The principal purpose for the Synod of Bishops, which commenced Oct. 7, is to study how the New Evangelization affects the mission of the Church. The Holy Father has asked the synod to study about "The New Evangelization for the Transmission of the Christian Faith." As the theme indicates, the focus is on the "transmission" of the faith. Both Blessed John Paul II and Pope Benedict XVI have identified the New Evangelization as the response to how the Church transmits the Christian faith, considering the challenges confronting believers in today’s world.
Why Does the Holy Father
Need to Call a Synod?
The bishops of the Church, in unity with Peter’s successor, and as successors to the apostles, were given a promise by Jesus Christ — I will be with you until the end of time (John 14:16, 26). This promise is given in relationship to the mission entrusted to their care: to teach and baptize all nations (Matthew 28:18-20). When the bishops are assembled by mandate of the pope, amazing things happen. We see this in the Acts of the Apostles, when pastoral questions were raised and answers needed to be given (Acts 15). The apostolic ministry the bishops exercise in the name of Jesus Christ shoulders them with the burdens and joys of shepherding with authority over the flock, with the same love that the Good Shepherd has for the flock — and with the mission to teach and baptize all nations.
We profess our faith in an apostolic Church for a reason. The successors to the apostles, discerning with the ordained and non-ordained the needs of the Church and how to respond to those needs, are the ones who are called to definitively and authentically teach and baptize all nations.
The Synod of Bishops represents a way for the Holy Father to bring bishops together to address matters of the Church in light of the Tradition of the Church and what the word of God has revealed. We should then not look at a synod as a bureaucratic process or a waste of time, but a very important moment in the life of the Church, because the Holy Spirit will bring the bishops the direction, insight and even resolution we need to advance the mission of the Catholic Church.
Do Catholics Understand Evangelization?
Shortly after the Second Vatican Council, Pope Paul VI convened a synod to define what we Catholics mean by "evangelization." The term, although as ancient as the Church, was ambiguous for many, and even today it does not always speak to a Catholic’s sense of mission. What does evangelization mean? Pope Paul VI’s post-synodal exhortation Evangelii Nuntiandi (Evangelization in the Modern World) gave the Church sound theological principles that surely guide our understanding of what we mean by evangelization. I would encourage parishes and lay apostolate movements to read through the document as our bishops meet in Rome. This document provides the framework for understanding the principles of evangelization. Now we need to discern "how" evangelization occurs.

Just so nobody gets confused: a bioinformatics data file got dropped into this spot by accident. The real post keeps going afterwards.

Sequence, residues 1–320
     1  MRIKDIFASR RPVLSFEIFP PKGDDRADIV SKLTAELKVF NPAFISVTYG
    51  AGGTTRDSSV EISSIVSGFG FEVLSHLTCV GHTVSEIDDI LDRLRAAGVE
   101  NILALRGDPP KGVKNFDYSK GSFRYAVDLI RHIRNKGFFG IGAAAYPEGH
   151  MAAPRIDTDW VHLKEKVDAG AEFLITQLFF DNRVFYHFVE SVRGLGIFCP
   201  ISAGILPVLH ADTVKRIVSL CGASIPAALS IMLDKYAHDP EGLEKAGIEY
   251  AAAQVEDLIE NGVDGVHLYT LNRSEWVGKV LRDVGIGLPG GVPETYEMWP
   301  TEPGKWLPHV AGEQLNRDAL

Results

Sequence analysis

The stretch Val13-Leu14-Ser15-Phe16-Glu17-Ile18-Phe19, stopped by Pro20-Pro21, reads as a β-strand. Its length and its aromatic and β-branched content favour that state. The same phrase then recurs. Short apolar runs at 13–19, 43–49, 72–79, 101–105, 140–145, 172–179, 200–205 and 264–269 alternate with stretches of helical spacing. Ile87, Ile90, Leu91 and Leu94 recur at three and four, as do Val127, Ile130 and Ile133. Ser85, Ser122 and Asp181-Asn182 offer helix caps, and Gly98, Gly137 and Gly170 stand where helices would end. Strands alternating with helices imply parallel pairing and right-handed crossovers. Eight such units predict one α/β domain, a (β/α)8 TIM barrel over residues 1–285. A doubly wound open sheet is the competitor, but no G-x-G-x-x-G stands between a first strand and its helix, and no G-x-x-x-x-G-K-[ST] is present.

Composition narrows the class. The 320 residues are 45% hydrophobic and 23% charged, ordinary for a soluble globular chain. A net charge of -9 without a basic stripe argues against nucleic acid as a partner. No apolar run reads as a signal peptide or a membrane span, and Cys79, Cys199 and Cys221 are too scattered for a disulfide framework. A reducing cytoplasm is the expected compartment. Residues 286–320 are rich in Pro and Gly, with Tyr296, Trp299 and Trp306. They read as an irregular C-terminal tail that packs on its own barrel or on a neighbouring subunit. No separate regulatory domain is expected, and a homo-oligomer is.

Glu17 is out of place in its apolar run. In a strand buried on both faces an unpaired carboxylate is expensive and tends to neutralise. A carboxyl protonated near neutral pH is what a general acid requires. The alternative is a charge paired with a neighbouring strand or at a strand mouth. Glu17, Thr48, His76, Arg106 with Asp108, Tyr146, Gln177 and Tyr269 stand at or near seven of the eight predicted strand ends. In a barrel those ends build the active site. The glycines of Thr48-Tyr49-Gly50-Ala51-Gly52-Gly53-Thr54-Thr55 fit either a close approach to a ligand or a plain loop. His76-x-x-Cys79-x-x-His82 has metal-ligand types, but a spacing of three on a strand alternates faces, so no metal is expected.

The Crisis of Evangelization
The 2012 synod is concerned about "transmitting" the Christian faith. In the so-called developed countries of the West, particularly Europe and the United States, we have technology, social communications, the ability to publish so many materials and to make the Christian faith accessible with all of these technologies. Yet it is here where the Church finds the most difficulty in truly evangelizing people. Why is this?
There is a crisis of evangelization because there is a crisis in the fundamental understanding of what it means to be a person, what true freedom means, the role of family and marriage in the promotion of culture, and the role of faith in culture. How can the Church evangelize when there appears to be a rejection of the natural law? The success of evangelization is when the preaching of the Gospel finds points of reference within culture in which there is a receptivity for the Gospel. There is a cultural crisis in so many parts of the world.
The crisis of evangelization can also be found within the Church. The misinterpretation of the Second Vatican Council has resulted in confusion for so many believers. Consequently, there are many Catholics who do not understand the true nature of the Eucharist, the priesthood of Christ, the institution of marriage, the significance of mortal sin, and so on.
How can Catholics transmit their faith when they do not understand or maybe not even believe in it?